Some of the most infamous data breaches in recent history were the direct result of social engineering, a type of attack where scammers gain a victim’s trust to trick them into granting access to sensitive information.
Social engineering is so dangerous because it relies on the most vulnerable vector in organizations today: people.
Social engineers have the same goal as attackers, but they focus on tricking people rather than breaking into networks. Often, the easiest way for these criminals to gain the information they want is to simply ask for it.
Here are the three types of social engineering attacks cybercriminals use to compromise organizations. To learn more about how to stop them, check out our social engineering awareness training materials here.
1) ONLINE AND PHONE
Phishing scams and smishing (fake SMS/text messages) are trick users online and over the phone into giving up sensitive information or money.
Email fraud is particularly dangerous because these socially engineered attacks are hard to detect with conventional cyberattacks. Many don’t have a payload, so there’s no attachment or URL for security tools to detect, analyze and sandbox.
Additionally, many social engineers rely on techniques like domain spoofing to frustrate any attempt to authenticate emails and verify the identity of the sender. Some lookalike domains may swap out characters, such as the numeral “0” for the letter “O”, an uppercase “I” for a lowercase “L”, or a “V” for a “U.” Others might insert additional characters, such as an “S” at the end of the domain name, that a casual viewer won’t easily notice.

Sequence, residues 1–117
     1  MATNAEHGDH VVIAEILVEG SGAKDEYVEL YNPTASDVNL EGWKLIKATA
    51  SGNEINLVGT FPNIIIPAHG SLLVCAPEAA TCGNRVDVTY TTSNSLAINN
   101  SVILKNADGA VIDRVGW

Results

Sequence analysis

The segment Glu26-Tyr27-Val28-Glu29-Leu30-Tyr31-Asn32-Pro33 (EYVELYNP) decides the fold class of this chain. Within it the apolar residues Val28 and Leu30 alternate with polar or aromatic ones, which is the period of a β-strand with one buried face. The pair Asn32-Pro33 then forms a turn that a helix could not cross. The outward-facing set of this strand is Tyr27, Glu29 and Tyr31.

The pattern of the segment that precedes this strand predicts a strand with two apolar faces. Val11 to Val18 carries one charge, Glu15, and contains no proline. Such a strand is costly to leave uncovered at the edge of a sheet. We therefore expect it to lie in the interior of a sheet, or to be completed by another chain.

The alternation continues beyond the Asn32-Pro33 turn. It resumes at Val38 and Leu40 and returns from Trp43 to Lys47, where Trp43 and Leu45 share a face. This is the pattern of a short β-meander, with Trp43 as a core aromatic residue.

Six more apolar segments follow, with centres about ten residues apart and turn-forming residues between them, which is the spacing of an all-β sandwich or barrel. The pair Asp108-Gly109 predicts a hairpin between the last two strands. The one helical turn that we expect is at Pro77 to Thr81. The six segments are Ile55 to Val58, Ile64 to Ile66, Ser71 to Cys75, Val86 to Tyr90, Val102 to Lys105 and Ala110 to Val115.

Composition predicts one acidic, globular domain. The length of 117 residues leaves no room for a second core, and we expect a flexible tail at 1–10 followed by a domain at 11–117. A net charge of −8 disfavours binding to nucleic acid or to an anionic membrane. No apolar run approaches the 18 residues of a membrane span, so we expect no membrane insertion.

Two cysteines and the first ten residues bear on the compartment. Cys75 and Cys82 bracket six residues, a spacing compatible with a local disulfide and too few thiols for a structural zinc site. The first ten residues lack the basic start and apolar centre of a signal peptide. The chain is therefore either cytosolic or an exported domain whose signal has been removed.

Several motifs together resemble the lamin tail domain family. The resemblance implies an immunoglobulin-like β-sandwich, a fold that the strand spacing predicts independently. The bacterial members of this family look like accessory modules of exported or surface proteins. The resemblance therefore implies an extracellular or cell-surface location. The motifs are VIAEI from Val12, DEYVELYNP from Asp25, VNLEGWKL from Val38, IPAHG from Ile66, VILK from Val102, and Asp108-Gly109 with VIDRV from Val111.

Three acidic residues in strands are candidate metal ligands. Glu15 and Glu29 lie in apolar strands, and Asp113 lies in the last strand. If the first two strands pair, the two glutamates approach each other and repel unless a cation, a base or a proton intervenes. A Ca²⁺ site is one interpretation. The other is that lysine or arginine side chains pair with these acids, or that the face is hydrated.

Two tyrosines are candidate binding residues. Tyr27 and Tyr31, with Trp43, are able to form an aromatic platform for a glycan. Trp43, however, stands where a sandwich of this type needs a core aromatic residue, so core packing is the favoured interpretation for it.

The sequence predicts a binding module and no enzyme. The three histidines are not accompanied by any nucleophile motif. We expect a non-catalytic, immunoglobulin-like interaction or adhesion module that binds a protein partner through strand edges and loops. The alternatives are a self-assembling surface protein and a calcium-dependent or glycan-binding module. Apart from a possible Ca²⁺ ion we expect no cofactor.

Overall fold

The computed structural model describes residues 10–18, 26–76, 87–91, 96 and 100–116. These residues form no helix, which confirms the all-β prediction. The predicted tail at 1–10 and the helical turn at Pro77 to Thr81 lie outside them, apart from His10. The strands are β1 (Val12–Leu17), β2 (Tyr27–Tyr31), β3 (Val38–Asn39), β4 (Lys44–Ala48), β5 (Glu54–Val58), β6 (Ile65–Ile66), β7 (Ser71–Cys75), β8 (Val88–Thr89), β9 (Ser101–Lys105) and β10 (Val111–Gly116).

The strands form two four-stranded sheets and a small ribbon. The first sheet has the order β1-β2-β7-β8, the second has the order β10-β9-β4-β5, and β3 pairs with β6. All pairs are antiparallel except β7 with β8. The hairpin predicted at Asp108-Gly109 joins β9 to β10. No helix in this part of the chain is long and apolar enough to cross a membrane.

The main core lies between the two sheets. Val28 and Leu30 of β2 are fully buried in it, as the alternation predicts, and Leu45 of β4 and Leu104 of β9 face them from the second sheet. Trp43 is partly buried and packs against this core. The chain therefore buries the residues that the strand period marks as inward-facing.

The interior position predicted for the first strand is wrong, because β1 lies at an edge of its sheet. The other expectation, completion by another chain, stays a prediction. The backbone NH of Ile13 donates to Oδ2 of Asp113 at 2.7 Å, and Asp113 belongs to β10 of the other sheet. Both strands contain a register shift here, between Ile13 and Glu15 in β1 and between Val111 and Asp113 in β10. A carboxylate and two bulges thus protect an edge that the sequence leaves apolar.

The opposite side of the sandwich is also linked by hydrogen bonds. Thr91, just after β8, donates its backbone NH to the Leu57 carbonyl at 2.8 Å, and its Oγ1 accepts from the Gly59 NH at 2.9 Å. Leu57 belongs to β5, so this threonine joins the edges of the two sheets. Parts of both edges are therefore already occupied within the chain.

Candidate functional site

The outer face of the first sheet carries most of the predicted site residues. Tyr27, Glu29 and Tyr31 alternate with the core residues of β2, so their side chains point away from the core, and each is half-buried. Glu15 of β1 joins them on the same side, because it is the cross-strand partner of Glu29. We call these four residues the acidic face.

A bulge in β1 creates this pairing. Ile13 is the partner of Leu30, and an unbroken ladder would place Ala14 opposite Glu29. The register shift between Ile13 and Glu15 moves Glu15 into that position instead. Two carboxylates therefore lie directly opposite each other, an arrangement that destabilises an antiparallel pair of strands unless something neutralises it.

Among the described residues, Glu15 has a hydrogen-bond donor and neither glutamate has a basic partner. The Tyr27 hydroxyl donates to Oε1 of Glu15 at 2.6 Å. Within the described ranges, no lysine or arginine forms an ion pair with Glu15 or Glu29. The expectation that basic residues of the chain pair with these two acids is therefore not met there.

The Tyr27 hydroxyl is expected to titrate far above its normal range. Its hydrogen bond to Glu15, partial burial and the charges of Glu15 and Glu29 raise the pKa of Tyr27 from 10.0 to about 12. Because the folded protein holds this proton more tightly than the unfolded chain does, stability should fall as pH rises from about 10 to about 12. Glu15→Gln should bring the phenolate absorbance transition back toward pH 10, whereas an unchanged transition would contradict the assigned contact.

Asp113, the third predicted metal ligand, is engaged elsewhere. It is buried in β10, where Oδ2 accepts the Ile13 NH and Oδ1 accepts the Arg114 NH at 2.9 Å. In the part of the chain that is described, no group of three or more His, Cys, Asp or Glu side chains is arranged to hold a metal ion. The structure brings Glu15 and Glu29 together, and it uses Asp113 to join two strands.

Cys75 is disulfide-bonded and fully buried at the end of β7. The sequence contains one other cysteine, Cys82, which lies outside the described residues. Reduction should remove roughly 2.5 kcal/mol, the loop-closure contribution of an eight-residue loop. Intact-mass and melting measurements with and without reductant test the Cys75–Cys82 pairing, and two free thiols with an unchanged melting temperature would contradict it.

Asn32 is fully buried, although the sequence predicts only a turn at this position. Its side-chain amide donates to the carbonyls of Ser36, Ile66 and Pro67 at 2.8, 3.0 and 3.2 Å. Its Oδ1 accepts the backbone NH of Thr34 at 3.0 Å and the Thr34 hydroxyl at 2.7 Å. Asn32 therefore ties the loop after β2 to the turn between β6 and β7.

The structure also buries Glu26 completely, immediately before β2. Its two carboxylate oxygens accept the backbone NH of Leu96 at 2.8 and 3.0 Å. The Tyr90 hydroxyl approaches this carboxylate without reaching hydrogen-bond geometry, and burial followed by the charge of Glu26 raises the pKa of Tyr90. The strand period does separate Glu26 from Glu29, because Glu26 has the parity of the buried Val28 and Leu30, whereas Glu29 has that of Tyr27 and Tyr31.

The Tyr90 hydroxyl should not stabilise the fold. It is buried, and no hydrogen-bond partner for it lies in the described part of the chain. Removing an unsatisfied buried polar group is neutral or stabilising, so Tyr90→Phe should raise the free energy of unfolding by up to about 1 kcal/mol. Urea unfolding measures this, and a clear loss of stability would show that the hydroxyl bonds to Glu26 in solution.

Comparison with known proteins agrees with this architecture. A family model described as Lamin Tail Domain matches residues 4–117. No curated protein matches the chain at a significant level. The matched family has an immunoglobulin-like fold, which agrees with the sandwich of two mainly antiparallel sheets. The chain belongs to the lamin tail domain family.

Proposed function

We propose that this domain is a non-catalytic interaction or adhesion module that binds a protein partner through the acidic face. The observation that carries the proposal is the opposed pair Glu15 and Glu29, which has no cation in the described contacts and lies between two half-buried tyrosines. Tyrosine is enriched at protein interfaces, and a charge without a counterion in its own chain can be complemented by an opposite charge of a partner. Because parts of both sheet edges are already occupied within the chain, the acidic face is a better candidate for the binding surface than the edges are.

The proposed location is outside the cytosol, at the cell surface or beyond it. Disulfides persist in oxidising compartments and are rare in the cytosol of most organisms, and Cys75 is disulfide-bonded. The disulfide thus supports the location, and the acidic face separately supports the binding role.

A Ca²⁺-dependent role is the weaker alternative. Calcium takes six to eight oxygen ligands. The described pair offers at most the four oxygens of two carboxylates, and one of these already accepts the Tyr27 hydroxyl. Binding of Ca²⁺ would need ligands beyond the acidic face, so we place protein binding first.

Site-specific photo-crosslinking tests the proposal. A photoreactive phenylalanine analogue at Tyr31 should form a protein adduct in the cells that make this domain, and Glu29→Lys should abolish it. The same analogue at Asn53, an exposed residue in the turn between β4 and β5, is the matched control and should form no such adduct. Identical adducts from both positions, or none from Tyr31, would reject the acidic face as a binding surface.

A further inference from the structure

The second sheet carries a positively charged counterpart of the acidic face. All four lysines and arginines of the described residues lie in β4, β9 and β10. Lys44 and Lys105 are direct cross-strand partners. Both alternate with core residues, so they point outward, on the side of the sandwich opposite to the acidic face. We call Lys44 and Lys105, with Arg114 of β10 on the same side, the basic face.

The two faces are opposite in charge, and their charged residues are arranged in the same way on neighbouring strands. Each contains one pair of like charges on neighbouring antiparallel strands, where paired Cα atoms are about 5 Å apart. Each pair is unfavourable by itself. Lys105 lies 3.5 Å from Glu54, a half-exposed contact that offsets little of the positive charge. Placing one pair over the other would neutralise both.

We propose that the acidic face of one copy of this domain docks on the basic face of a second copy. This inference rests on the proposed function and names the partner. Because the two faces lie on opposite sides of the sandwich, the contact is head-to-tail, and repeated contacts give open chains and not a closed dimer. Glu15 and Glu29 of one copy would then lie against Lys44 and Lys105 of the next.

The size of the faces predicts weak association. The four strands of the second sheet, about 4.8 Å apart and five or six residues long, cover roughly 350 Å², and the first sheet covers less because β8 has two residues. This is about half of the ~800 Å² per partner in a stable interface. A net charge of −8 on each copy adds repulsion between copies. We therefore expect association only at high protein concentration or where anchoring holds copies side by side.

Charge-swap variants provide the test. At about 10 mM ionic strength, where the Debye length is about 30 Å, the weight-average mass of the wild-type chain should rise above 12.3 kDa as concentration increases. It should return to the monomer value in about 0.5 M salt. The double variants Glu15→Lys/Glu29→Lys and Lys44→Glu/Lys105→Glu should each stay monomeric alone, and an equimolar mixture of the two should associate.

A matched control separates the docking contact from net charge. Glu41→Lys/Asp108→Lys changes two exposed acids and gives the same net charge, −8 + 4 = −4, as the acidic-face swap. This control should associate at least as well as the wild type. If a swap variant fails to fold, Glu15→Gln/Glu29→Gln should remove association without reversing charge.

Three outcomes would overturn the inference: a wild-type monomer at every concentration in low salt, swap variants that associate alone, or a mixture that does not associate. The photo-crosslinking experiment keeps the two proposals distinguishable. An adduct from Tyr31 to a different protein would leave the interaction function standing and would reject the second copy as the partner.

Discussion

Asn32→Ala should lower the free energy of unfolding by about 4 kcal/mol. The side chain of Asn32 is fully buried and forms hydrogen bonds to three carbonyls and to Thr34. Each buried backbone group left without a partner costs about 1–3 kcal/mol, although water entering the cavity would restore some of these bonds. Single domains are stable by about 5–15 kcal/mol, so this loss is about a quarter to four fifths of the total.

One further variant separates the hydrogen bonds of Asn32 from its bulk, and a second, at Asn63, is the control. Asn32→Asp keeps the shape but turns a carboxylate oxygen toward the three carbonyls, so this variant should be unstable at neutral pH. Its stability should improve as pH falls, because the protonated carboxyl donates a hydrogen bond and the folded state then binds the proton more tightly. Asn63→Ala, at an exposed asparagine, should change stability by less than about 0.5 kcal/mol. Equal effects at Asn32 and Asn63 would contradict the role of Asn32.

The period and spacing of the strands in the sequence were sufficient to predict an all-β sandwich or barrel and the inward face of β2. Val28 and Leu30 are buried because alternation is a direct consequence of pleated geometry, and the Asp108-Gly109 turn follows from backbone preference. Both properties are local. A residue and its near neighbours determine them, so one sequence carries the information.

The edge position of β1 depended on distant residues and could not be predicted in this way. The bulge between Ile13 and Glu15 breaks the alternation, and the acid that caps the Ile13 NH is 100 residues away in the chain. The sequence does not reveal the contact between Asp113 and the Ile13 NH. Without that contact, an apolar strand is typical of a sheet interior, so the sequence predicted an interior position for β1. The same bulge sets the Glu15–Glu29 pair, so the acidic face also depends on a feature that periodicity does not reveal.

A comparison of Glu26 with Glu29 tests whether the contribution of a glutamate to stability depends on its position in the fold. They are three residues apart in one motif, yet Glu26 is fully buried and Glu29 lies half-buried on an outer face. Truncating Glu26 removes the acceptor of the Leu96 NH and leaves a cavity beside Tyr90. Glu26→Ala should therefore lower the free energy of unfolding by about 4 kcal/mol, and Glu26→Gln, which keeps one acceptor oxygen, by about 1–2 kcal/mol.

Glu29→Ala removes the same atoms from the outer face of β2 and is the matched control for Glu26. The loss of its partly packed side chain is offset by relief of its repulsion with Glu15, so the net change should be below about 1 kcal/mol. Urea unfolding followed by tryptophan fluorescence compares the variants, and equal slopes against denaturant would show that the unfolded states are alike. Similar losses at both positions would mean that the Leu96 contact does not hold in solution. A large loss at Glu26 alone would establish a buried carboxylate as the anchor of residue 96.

There are countless combinations fraudsters can use to counterfeit trusted email domains. And unless your organization has registered them all, email authentication alone won’t stop them. To learn what it takes to implement a complete defense, download our guide to stopping email fraud here.
2) HUMAN INTERACTION
Not all social engineering attacks take place online. Some criminals prefer to launch their attack in person, visiting a location using a false identity, such as a contractor or even an employee.
These human interaction attacks attempt to gain access to files, the network, or other sensitive infrastructure.
The social engineer may gain trust and access into the workplace by appearing at an employee gathering spot or by approaching an employee claiming to have left their identification badge back at their desk or following behind another employee to gain access into the building.
3) PASSIVE ATTACKS
Passive attacks take place when social engineers wait and watch. This passive technique is known as “shoulder surfing.”
They may watch you enter a PIN at an ATM, see your credit card number at a coffee shop or memorize usernames, passwords, and other sensitive information to gain access later.
A criminal can learn a lot just by perusing the dumpsters behind your workplace. Information such as invoices, telephone directories, confidential documents, printed emails, and much more sensitive information can be found. They can also find and use discarded computers or mobile devices to retrieve sensitive information.